This is a guest post by BE grappling team member Ananse.
On the undercard of UFC fight Night Berlin will be a 30 year old German lightweight prospect named Nick Hein. A large part of the excitement when it comes to Hein stems from the fact that he appears to have an extensive background in Judo at a very high level. I’m here to put into context exactly what that that experience means in terms of the heights of Olympic Judo.
First, lets talk about the nature of European Judo in general and German Judo in particular. Europe is, at this point, probably the most competitive place in the world to be a serious Judo player. Asia has higher highs with Japan, Korea and Mongolia, but Europe has the depth. At the top we have France and Russia, who can field a top 5 athlete in pretty much every weight, and Georgia, which can do that in all the male weight classes. In the tier just below that I’d put countries like Germany and Holland. They don’t have the depth at every weight, but they will have several weight classes where they produce genuinely world class athletes. Basically, Germany isn’t Japan or France, but it has a solid development system for producing world class talent on a fairly consistent basis. Nick Hein is a product of this system.
As far as credentials go, Hein’s are very solid. In addition to a solid medal count in international competition, he won a European U20 silver in 2003 and was U23 champion in 2006. He was also German national champion in 2006 and 2007. His last recorded result was a bronze in the German nationals in 2010. In his UFC interview, he claims to have been passed over for a spot in the Beijing olympics in favour of Ole Bischof. Considering Bischof is the proud owner of a Beijing gold, a London silver, a world bronze and gold, silver and bronze in the Europeans, that’s not a bad man to have come second to. Incidentally, everyone should watch Bischof’s London bronze medal match against Travis Stevens.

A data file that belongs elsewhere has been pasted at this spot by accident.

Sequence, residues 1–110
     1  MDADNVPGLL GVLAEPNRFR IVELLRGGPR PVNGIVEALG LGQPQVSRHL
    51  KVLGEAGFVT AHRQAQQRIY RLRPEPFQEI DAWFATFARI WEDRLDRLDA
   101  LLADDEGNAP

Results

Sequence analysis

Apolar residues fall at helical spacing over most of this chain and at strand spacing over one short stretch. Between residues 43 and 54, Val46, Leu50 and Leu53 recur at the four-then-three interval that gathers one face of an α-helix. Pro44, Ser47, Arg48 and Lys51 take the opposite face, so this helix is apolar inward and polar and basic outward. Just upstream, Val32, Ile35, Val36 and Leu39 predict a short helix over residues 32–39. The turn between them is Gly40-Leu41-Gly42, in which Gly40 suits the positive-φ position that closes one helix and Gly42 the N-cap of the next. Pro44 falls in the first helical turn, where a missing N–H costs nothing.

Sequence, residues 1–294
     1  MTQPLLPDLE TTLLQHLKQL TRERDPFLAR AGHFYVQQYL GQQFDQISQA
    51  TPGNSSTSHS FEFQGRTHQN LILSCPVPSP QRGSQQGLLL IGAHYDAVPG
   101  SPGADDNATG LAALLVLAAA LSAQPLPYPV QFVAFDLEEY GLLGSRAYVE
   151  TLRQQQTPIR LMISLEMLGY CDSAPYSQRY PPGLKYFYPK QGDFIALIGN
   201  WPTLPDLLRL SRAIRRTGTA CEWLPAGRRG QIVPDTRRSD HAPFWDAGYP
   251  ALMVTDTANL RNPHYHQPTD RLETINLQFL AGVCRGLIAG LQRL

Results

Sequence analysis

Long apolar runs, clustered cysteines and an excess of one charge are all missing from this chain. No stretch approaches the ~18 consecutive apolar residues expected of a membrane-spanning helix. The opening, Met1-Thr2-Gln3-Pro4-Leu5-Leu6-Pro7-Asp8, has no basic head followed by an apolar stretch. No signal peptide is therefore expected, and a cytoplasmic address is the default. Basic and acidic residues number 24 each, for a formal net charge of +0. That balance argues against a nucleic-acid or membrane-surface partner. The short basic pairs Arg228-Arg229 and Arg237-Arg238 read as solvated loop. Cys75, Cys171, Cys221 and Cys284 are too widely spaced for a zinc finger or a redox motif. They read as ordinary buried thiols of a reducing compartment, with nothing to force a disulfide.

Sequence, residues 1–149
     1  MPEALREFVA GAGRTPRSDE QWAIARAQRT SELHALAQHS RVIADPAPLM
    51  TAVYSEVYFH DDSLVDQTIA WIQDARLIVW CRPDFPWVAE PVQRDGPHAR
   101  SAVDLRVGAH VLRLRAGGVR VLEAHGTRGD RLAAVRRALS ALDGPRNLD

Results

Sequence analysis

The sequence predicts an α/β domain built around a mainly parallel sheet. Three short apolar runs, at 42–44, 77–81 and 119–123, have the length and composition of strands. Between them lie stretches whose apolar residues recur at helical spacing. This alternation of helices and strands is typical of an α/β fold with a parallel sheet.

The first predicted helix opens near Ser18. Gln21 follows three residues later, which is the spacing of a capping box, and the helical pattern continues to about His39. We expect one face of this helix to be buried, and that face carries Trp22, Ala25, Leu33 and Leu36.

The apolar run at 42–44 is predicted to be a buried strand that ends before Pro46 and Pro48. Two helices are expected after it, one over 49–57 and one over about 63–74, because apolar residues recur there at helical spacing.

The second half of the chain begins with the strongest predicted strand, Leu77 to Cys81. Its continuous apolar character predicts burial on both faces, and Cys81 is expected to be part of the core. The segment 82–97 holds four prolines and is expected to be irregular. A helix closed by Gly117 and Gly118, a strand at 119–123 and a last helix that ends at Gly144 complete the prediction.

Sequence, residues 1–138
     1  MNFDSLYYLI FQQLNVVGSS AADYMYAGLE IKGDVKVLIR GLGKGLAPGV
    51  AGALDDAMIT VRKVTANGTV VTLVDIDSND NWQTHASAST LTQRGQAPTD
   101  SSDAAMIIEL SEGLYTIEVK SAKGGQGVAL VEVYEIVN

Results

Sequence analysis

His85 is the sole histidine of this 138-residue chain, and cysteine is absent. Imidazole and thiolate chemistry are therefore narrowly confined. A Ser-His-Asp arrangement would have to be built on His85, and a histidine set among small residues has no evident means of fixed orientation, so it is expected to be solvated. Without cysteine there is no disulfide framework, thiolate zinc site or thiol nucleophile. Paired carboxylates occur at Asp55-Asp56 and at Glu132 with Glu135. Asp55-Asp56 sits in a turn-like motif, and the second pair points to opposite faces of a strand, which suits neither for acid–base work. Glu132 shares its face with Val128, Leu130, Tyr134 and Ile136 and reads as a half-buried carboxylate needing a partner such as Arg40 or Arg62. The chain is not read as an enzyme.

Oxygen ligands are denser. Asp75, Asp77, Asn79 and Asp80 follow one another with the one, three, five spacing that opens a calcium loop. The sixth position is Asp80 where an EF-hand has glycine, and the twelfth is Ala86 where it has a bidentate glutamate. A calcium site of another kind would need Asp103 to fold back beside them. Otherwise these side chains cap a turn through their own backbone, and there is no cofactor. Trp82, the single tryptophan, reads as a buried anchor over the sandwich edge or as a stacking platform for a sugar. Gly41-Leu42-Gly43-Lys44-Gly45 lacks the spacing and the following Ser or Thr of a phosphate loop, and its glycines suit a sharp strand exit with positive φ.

Back to Hein though, he never beat the guys at the absolute top of his division (Henk Grol, Travis Stevens, Sven Maresch, Euan Burton), but he was usually competitive and he beat everyone else in a tough, deep division. U81 is a spectacularly deep division in Europe. The kind of base athletic ability required to do that means that he is definitely a world class athlete. Everyone should also keep in mind that all of his major accomplishments came when he was competing at U81kg (178lbs). After the cut to 155, he is going to be spectacularly hard for most MMA fighters in his weight class to deal with if he manages to get in the clinch or on top.
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